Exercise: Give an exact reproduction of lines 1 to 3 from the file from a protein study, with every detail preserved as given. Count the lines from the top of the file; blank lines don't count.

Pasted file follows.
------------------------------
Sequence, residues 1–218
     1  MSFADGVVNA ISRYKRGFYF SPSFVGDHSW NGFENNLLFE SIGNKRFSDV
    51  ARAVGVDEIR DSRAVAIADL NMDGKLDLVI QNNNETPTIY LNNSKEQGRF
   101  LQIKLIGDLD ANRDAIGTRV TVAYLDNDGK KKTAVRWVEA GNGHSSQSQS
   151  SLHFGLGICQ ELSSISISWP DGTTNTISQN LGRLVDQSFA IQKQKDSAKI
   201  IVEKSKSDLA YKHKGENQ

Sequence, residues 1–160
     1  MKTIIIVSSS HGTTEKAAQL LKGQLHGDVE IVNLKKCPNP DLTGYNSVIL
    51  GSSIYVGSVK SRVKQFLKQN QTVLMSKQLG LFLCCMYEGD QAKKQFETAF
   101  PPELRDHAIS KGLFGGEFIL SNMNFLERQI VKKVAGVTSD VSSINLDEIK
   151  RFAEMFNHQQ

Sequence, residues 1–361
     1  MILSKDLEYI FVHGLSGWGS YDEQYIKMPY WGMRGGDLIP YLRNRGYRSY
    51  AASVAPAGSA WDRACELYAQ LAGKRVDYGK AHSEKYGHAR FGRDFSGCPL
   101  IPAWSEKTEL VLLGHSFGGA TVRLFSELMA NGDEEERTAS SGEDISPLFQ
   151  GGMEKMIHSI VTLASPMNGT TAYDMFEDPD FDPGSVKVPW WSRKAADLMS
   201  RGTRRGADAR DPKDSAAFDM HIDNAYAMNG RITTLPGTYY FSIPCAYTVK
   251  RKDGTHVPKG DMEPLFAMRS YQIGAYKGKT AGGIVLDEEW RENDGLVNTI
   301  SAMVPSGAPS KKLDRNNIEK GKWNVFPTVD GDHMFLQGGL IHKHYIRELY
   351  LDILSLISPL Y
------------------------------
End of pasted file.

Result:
Sequence, residues 1–218
     1  MSFADGVVNA ISRYKRGFYF SPSFVGDHSW NGFENNLLFE SIGNKRFSDV
    51  ARAVGVDEIR DSRAVAIADL NMDGKLDLVI QNNNETPTIY LNNSKEQGRF